Who you gonna call when you’ve got an upset stomach? Well, for more than one-third of Americans, the answer is usually the internet.

We’re increasingly turning to the web to self-diagnose the shifting aches and pains that regularly trouble us, a phenomenon that’s been uncannily referred to as visiting "Dr. Google." But it isn’t just search engines that we rely on to determine whether we should call in sick, take an extra dose of Advil and rough it out, or visit the emergency room, we’re also utilizing any number of so-called symptom checkers — dedicated apps and websites that tabulate a diagnosis and dictate a course of action for us depending on what symptoms we type into them.

Most, such as WebMD’s version, are careful to note that they aren’t a "substitute for professional medical advice, diagnosis or treatment." And for very good reason, it turns out, according to a new study from the British Journal of Medicine.

Testing 23 different symptom checkers, it found that they were, on average, only able to guess the correct diagnosis one-third of the time, and when handing out the top twenty possible diagnoses, only listed the right answer among them about 60 percent of the time. Worse still, these checkers also often suggested receiving unneeded medical care when simple bed rest and observation would have been better. The only saving grace is that the checkers were generally decent at recommending immediate emergency care when encountered with urgent, potentially life-threatening symptoms, at about 80 percent.

The authors, using a tried-and-true method from medical school, tested out the symptom checkers, each different from the other in their computer coding and medical information available, by offering each one a list of symptoms derived from 45 clinical vignettes, which are case reports or scenarios intended to approximate a real-life person’s health concerns. Each third of the vignettes were meant to either represent someone in need of urgent medical attention, such as with a stroke; someone who should see a doctor but isn’t in immediate danger, such as with an ear infection; and someone who could provide their own self-care and be just fine, such as with a cold. Then it was a simple matter of grading the checkers on their accuracy.

"Across all symptom checkers the correct diagnosis was listed in the first three diagnoses in 51 percent of standardized patient evaluations and in the first 20 diagnoses in 58 percent of standardized patient evaluations," the authors concluded. "Diagnostic accuracy for listing the correct diagnosis in the top three and top 20 was higher for self care conditions than for emergent conditions and was also higher for common conditions than for uncommon conditions."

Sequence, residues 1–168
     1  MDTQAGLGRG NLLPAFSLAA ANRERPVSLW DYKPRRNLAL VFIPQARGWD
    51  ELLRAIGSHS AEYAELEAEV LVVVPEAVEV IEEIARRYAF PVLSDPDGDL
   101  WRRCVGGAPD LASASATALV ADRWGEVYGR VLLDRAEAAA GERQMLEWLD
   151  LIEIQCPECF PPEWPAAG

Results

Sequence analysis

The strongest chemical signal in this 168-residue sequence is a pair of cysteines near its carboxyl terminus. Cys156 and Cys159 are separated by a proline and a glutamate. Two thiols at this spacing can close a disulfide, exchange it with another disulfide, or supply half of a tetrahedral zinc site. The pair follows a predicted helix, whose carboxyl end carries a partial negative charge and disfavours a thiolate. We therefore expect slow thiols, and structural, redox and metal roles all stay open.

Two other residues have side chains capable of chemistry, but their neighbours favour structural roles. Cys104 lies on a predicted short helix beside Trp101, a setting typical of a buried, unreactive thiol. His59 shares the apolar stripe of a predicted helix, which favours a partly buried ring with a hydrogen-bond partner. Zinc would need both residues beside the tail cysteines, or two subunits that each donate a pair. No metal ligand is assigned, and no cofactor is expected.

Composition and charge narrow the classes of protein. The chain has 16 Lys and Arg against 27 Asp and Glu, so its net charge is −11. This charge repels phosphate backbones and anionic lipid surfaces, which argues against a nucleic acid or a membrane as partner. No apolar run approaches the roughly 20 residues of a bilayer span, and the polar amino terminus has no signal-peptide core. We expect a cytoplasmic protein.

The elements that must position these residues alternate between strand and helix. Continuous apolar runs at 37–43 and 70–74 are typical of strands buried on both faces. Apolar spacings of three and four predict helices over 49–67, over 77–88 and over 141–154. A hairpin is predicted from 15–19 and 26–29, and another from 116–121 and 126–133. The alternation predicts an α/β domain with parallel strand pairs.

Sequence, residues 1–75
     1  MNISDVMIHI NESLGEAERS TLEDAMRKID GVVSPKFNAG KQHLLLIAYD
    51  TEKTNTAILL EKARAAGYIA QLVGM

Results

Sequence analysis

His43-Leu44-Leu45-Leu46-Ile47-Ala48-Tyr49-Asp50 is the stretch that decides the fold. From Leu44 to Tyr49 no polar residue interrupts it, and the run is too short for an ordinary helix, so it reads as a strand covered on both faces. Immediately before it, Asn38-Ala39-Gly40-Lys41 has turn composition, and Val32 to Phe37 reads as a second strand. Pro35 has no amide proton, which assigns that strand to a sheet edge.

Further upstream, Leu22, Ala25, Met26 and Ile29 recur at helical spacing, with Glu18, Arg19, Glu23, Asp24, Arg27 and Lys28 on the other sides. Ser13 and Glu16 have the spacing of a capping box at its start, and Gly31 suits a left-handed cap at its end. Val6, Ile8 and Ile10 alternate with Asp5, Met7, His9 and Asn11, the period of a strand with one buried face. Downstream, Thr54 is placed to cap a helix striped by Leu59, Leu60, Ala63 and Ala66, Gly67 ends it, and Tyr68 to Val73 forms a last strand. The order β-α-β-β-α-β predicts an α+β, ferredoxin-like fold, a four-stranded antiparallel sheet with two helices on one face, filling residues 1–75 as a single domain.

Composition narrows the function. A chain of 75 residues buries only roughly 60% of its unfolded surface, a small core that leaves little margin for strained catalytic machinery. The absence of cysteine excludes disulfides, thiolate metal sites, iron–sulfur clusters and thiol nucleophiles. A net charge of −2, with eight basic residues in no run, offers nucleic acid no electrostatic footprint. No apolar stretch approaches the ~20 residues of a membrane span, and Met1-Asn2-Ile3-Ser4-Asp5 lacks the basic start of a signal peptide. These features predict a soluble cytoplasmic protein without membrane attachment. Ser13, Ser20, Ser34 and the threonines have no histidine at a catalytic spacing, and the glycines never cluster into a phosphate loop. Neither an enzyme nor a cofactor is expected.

Out of the 23, 15 checkers evaluated and relayed information on whether the user should seek medical care. And while they were more easily able to identity a serious medical issue, they were less capable of correctly detecting a self-limiting condition, likely because the checkers were programmed to err on the side of caution.

"The risk averse nature of symptom checkers’ triage advice is a concern. In two thirds of standardized patient evaluations where medical attention was not necessary, we found symptom checkers encouraged care," they wrote. "Some patients researching health conditions online are motivated by fear, and the listing of concerning diagnoses by symptom checkers could contribute to hypochondriasis and 'cyberchondria,' which describes the escalated anxiety associated with self diagnosis on the internet."

Despite their floundering performance, the researchers do note that their sucess rates actually match up fairly well with telephone medical advice lines, which are sometimes, but not always, staffed by nurses. And they still proved to be better than "Dr. Google."

"If symptom checkers are seen as an alternative for simply entering symptoms into an online search engine such as Google, then symptom checkers are likely a superior alternative," they wrote. "A recent study found that when typing acute symptoms that would require urgent medical attention into search engines to identify symptom-related web sites, advice to seek emergent care was present only 64 percent of the time."

Overall, their findings point to a need for improvement among these apps, but an improvement that might not be too hard to accomplish with the available technology we have now.

"For instance, addition of real time information about the local incidence of illness in the community greatly improved the performance of a diagnostic tool for group A streptococcal pharyngitis," they suggested. "Diagnosis and triage rates could also be improved if symptom checkers incorporated individual clinical data from medical claims or the electronic medical record."

Source: Semigran H, Linder J, Gidengil C, et al. Evaluation of symptom checkers for self diagnosis and triage: audit study. British Journal of Medicine. 2015.